Speaking of which, the % of union members who voted seemed rather low......makes me question how much support there really is in the membership.

Speaking of which, have a look at the union annual reports and how much the union bosses pay themselves. (and compare with how much they spend on their memners)

They have learned a thing or two from the private sector it seems.

You make a number of good points and unions do still have a role in society.

But I cant help thinking that if the unions were fighting for something that everybody else has that their members don't have, then I would support them.

As it is they are fighting to have something that millions of us could never expect to get, so why should they get my support? What makes them better than me?

Don't get me wrong. I think Margo's diatribe this week more of a disgrace than usual. Linking the miners dispute to the current problems is pathetic, quite frankly.

But I think that the unions were too quick to srike and the govmnt are way to eager to try to score political points. The chancellor seems to act like we all read the daily mail. We don't. (FT.....)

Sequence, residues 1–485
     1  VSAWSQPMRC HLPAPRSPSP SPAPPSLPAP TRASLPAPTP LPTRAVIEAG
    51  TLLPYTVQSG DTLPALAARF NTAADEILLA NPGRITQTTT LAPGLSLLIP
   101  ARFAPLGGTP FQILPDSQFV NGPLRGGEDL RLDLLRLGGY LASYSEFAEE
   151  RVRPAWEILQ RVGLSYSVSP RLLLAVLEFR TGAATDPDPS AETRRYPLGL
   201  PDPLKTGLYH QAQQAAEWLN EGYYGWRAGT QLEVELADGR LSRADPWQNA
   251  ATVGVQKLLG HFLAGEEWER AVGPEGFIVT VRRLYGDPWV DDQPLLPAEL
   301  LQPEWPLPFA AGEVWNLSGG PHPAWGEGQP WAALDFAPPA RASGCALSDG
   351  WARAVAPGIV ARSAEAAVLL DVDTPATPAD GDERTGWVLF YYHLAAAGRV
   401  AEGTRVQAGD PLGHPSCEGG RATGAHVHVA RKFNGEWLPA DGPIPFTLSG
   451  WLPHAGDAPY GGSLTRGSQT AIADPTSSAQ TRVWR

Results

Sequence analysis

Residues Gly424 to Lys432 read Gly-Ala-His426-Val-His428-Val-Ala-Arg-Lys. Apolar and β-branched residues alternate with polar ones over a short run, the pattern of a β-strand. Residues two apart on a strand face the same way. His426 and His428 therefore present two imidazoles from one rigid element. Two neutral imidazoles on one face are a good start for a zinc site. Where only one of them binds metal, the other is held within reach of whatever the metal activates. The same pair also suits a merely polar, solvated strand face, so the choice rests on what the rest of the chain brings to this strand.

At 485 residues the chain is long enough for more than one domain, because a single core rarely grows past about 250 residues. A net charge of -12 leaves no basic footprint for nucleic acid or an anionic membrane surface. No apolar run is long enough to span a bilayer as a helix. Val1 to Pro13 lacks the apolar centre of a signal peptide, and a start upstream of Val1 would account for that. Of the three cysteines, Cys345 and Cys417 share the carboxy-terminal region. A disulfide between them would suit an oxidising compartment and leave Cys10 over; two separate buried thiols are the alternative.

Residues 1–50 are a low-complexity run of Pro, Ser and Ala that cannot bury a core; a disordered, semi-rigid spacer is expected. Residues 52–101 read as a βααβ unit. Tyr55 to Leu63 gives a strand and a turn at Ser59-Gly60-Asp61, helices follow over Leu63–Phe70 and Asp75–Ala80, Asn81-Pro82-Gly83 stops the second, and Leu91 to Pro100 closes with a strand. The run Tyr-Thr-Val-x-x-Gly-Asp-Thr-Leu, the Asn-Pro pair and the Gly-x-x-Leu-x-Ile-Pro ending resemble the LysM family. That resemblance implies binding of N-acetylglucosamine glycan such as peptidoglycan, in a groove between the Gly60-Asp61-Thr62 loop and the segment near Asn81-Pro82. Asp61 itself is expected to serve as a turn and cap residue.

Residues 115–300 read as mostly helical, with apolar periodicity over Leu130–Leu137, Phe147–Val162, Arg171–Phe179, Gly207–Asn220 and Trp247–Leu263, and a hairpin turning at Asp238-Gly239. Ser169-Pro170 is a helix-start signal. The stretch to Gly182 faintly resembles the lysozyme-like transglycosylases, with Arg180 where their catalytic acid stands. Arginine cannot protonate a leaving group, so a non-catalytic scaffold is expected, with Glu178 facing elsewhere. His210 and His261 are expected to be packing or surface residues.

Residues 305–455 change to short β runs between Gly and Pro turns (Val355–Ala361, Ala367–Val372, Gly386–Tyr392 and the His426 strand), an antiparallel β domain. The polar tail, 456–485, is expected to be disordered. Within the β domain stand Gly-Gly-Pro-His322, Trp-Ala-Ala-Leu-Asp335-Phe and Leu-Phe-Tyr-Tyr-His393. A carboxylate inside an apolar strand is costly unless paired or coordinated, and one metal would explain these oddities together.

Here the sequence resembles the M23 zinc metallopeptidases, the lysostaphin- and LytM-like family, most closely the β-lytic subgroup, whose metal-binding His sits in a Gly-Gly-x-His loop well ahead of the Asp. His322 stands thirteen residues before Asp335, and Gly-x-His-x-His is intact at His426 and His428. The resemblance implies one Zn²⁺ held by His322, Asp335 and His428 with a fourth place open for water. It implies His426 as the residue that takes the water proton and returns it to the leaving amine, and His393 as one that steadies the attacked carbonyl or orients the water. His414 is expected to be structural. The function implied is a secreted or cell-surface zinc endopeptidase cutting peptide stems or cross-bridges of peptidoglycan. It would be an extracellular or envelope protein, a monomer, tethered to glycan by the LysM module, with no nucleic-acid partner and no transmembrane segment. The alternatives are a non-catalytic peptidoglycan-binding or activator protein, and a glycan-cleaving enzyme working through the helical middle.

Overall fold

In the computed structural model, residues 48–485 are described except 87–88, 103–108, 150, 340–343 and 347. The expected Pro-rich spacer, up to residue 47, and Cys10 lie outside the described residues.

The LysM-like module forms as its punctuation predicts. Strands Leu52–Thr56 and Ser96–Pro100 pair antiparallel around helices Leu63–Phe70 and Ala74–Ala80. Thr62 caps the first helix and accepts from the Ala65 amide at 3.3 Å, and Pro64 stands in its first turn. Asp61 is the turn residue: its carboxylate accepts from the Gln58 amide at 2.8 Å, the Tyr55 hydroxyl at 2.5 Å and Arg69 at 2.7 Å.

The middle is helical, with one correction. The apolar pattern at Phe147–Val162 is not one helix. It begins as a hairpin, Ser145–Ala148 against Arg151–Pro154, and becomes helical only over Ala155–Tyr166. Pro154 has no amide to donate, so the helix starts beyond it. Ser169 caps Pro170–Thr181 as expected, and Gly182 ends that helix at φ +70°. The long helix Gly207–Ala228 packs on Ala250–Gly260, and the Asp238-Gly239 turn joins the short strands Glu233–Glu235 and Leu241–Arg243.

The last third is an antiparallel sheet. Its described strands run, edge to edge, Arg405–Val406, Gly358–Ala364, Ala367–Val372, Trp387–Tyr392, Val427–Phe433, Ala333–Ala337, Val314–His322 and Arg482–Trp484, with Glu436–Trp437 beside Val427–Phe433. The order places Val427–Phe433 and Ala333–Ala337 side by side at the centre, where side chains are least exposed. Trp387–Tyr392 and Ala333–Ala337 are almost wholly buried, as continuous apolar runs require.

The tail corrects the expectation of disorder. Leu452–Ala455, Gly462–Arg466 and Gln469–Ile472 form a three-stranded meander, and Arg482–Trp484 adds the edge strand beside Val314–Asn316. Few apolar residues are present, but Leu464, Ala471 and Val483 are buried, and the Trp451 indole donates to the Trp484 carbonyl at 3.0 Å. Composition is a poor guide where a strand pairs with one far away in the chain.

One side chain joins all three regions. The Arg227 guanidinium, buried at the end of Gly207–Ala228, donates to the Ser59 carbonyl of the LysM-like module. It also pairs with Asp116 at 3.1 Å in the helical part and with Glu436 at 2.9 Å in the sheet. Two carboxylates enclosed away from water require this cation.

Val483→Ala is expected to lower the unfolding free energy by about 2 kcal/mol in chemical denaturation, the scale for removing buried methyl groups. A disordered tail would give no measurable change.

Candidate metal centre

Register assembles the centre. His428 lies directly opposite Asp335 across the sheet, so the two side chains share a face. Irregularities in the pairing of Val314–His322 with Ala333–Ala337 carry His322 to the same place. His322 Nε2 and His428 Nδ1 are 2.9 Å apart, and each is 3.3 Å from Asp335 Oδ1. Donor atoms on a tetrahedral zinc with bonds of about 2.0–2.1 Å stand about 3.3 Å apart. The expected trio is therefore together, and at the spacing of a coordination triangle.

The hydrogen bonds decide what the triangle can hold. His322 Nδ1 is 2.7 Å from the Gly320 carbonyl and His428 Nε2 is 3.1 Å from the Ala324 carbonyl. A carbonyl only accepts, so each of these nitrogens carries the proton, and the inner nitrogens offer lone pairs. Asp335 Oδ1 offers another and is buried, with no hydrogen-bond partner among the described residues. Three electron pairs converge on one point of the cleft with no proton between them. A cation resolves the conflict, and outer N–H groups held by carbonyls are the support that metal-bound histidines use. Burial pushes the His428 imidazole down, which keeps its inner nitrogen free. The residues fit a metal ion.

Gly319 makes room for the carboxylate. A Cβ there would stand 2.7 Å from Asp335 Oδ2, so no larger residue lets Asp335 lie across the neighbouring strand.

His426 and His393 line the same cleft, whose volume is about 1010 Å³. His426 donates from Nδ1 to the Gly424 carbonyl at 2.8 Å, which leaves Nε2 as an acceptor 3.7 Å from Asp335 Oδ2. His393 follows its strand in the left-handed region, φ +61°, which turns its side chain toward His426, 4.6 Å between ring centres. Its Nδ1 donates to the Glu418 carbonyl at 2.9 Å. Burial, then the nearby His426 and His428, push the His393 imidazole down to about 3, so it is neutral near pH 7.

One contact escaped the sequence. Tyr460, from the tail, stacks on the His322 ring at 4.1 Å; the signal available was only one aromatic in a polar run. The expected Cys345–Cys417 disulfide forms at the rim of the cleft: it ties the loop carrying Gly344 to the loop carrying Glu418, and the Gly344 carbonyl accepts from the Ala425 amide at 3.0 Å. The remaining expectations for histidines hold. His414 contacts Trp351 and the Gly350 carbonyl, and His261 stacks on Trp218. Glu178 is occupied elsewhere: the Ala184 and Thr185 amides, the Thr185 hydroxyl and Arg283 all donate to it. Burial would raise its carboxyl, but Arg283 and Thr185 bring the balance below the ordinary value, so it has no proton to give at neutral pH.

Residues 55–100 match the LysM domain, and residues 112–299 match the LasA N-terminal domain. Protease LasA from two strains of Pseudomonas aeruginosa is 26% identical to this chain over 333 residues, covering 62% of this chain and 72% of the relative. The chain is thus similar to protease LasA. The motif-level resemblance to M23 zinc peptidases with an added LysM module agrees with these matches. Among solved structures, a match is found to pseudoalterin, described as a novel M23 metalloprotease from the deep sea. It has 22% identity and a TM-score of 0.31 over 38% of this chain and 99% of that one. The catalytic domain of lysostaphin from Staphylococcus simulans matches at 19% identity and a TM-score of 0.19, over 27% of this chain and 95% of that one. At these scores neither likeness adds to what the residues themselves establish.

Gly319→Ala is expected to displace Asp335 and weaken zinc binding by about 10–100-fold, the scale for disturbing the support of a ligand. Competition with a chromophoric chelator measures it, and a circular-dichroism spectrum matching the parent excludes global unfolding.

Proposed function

[quote][p][bold]Carlost[/bold] wrote: Margo is on form again re-writing history, getting it wrong, forming wrong conclusions about things she has limited knowledge of. Why! oh Why! ( is she given this space ). I was no fan of Scargill but he was actually trying to save the mining industry. It was in fact Margos hero Thatcher that ended our mining industry as well as selling off many of the country's other assets. She also squandered many years of our oil revenues to pay for the mass unemployment she created, but that's another story. Whatever Margo may think of Union leaders they are elected usually with a larger mandate than most of our MPs. There are now strict legal rules governing union procedures and calls for strike action. Just because the private sector has bad pension provision shouldn't automatically mean everyone should have. Like Margo I don't agree with the strike and think the offer made in the current circumstances is fair but Margo's inferences and conclusions are typically naive and silly. A report today highlighted the fact that the average private pension is in fact higher than the average public sector pension. It's just that many more people are in public schemes than private ones that creates the tax burden. The other problem is when there is a recession industry can shrink, but schools, hospitals and many other social and civil services have to be maintained for usually increasing demand. As we all know it is a problem for any Government to get the tax and spend revenues to equate. Margo ends by praising the " Doctors and Nurses" who helped her, the very people ( public servants ) she was complaining about earlier. Make your mind up Margo.[/p][/quote]Don't forget though that Scargills stated aim was to bring down the government. He certainly wasn't a fan of democracy. Speaking of which, the % of union members who voted seemed rather low......makes me question how much support there really is in the membership. Speaking of which, have a look at the union annual reports and how much the union bosses pay themselves. (and compare with how much they spend on their memners) They have learned a thing or two from the private sector it seems. You make a number of good points and unions do still have a role in society. But I cant help thinking that if the unions were fighting for something that everybody else has that their members don't have, then I would support them. As it is they are fighting to have something that millions of us could never expect to get, so why should they get my support? What makes them better than me? Don't get me wrong. I think Margo's diatribe this week more of a disgrace than usual. Linking the miners dispute to the current problems is pathetic, quite frankly. But I think that the unions were too quick to srike and the govmnt are way to eager to try to score political points. The chancellor seems to act like we all read the daily mail. We don't. (FT.....) Joseph Yossarian